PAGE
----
"The Cooper & Fry series is rooted in a very distinctive and beautiful part of England which is soaked in character, history and atmosphere. The Peak District alone makes this series worth a try!

In a way, the landscape plays as important a role as the two protagonists, Ben Cooper and Diane Fry, whose lives have continually brought readers back to the next book, and the next one after that. Cooper and Fry are as real as I can make them, and I think that resonates with readers."
Can you tell us something quirky about Dead in the Dark , its story and characters?
"A character in ‘Dead in the Dark’, Evan Slaney, is a big Sherlock Holmes fan.

One of the books Ben Cooper notices on the shelves in his Derbyshire home is ‘Sherlock Holmes and the Servants of Hell’ - a recent Holmes story written by my friend Paul Kane, who is a Derbyshire author."
Who would you recommend Dead in the Dark to and what should readers be aware of (any warnings or disclaimers)?
"The only warning I have is for anyone with a phobia about caves! I find them scary places myself, and in particular their total darkness, which is something we rarely experience anywhere else. There’s something about real darkness which kicks the human imagination into overdrive.

Otherwise, I think readers of British mysteries will particularly enjoy ‘Dead in the Dark’. I don’t write graphic violence, or sex, or swearing. My Cooper & Fry novels fall into a very British tradition focusing on detectives in a small town/rural setting, and they feature a fascinating part of the English landscape in the form of the beautiful and atmospheric Peak District."
If you could / wished to turn Dead in the Dark and the Cooper & Fry Mysteries series into a movie, who would be your dream team?
"I’ve been asked this kind of question often, especially when Cooper & Fry are currently in development for a TV series. But I really have no idea!

My characters are very clear in my mind, and there are no actors just like them. Fortunately, casting is someone else’s job! The only red line for me would be the location – it has to be the Peak District."

What has been your greatest challenge as a writer?

"Time management.

Crime writers are very much in demand, and there’s a high expectation for us to be out there touring, taking part in festivals, doing signings and interviews, and all that promotional stuff, as well being active on social media, blogging, sending out newsletters, replying to readers’ emails… the list is endless.

I love doing events, and I think contact with readers is vital – they are the most important people to me as a writer. But there’s a balance to be struck between that and leaving yourself enough time to write the next book.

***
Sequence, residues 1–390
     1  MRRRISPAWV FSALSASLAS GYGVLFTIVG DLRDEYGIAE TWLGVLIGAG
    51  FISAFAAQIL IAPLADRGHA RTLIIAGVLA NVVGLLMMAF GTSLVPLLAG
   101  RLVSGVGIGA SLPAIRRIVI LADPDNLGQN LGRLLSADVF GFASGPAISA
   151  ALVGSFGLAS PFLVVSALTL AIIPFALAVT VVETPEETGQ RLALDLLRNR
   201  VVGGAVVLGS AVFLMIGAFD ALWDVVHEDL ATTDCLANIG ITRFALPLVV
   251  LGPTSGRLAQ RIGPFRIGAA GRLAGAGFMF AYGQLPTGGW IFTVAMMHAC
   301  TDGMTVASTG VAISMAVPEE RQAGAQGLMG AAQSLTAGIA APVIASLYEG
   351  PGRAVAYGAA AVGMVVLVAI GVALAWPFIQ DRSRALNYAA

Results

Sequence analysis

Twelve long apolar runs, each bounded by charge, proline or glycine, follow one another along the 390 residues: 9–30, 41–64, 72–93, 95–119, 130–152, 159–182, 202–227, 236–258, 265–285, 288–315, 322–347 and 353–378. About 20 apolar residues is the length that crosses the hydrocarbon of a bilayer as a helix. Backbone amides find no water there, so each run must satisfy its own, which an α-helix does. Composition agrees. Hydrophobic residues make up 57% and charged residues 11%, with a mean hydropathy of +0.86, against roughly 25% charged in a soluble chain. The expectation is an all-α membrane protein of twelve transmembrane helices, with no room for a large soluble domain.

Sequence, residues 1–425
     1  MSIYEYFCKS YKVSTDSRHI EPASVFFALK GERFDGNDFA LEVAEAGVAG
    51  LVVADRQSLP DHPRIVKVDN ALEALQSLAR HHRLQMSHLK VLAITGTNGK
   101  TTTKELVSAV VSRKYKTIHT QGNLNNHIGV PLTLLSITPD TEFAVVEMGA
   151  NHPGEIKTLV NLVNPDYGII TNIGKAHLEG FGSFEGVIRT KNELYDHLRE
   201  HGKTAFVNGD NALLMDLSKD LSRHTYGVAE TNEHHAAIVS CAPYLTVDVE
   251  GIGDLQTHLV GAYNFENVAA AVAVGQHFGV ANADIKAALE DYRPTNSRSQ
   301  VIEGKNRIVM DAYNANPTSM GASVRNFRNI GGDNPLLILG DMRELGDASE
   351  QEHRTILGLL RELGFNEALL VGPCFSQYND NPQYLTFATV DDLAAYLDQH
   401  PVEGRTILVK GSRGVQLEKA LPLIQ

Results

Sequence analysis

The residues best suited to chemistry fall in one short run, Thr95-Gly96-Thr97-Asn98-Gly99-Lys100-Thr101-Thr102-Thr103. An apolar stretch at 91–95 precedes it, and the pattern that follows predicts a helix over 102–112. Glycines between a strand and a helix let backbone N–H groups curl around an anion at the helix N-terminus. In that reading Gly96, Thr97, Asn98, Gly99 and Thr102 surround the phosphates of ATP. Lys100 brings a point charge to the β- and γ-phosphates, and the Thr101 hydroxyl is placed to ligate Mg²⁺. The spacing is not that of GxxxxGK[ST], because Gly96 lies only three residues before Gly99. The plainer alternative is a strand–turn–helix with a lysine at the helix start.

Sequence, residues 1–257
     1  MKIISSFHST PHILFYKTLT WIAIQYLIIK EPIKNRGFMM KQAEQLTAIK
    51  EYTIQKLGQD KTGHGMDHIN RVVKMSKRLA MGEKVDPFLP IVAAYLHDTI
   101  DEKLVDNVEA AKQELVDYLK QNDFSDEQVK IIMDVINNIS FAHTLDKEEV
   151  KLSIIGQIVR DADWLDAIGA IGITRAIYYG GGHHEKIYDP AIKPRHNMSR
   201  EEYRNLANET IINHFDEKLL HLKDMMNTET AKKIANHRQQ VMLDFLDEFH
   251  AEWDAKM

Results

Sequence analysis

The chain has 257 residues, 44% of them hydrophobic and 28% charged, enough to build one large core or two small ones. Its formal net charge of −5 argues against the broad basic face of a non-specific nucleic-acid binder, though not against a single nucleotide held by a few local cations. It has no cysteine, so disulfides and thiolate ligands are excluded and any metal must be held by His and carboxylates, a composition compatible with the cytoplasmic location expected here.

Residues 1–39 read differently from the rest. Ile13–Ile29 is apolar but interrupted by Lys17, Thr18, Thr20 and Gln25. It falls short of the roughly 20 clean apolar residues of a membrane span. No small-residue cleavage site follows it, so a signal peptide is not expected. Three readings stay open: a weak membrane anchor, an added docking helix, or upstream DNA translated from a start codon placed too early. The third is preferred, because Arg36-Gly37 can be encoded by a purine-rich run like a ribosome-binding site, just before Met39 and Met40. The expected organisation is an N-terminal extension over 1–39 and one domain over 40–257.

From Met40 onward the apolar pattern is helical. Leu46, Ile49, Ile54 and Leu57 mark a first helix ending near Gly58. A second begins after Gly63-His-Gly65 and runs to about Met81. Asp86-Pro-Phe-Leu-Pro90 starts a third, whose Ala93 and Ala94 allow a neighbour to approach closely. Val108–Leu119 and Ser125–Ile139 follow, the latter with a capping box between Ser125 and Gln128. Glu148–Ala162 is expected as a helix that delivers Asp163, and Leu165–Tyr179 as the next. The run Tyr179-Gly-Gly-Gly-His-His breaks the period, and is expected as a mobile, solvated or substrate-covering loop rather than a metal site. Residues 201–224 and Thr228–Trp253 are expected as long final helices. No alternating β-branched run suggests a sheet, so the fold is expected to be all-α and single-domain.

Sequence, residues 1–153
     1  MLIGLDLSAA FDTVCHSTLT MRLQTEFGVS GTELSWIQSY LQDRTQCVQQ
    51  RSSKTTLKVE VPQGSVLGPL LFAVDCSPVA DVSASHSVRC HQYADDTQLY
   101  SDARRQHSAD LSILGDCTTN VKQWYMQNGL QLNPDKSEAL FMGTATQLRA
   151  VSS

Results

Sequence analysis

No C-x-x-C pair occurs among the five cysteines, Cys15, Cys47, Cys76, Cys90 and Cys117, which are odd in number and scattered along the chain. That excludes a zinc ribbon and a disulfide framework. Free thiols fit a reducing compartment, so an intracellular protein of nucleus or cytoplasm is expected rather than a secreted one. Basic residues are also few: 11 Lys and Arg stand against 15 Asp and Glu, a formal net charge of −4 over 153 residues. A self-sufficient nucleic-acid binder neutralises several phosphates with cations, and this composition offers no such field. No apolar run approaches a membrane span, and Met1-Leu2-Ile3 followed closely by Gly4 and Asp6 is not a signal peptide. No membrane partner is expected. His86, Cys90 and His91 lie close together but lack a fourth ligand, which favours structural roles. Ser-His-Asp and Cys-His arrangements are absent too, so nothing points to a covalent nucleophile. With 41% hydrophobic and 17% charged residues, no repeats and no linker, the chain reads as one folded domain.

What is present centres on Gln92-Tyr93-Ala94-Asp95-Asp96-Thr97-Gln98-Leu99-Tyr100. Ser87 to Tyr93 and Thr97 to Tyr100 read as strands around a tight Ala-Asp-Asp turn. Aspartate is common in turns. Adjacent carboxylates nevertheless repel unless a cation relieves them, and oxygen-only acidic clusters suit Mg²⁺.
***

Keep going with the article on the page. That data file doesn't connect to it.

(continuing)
It’s difficult, particularly in the early stages of a writer’s career, when you have to work so hard to be seen and get your name known. Luckily, I’m a full-time writer, and I have been for nearly 20 years, so I’m able to organise my life around those various commitments."
What has been the toughest criticism given to you as an author? What has been the best compliment?
"I wrote my first ‘novel’ when I was 12 years old, and I gave it to my older brother to read, who was then aged 17. He was completely dismissive and contemptuous of the whole thing, and he remains to this day the worst critic I’ve ever had!

But that was a great lesson to learn as a writer at such an early age, and no criticism has bothered me since. I tend to think bad reviews tell you more about the reviewer than about the book!

I get a lot of nice comments and emails from readers, but now and then someone will write to tell me how reading one of my books had changed their life, or got them through a really difficult time. Just one email like that makes it all worthwhile."
What is in store next?
"There’s another Cooper & Fry novel on the way – the 18th in the series, called ‘Fall Down Dead’. But I have lots of ideas for different stories which I haven’t had time to work on, so who knows what might come after that?"
And as a final quirky thing, to get to know you a little bit better... do you have a pet or something that is special to you that you could share with us?
"Sorry I’m not in the photo (because he’s occupied my chair!), but this young man is special to me. This is Barnaby."
Typical cat ;-) Hello Barnaby, lovely to see you again! Lots of head-scratches and belly rubs to you :-)
Thank you for sharing Barnaby with us, and I hope you are having a great tour.

How do you prove a murder without a body?

Dead in the Dark
Available NOW!

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CMash said...

Fantastic interview. Really enjoyed it!

Stephen Booth said...

Many thanks for the interview. It was great fun! :)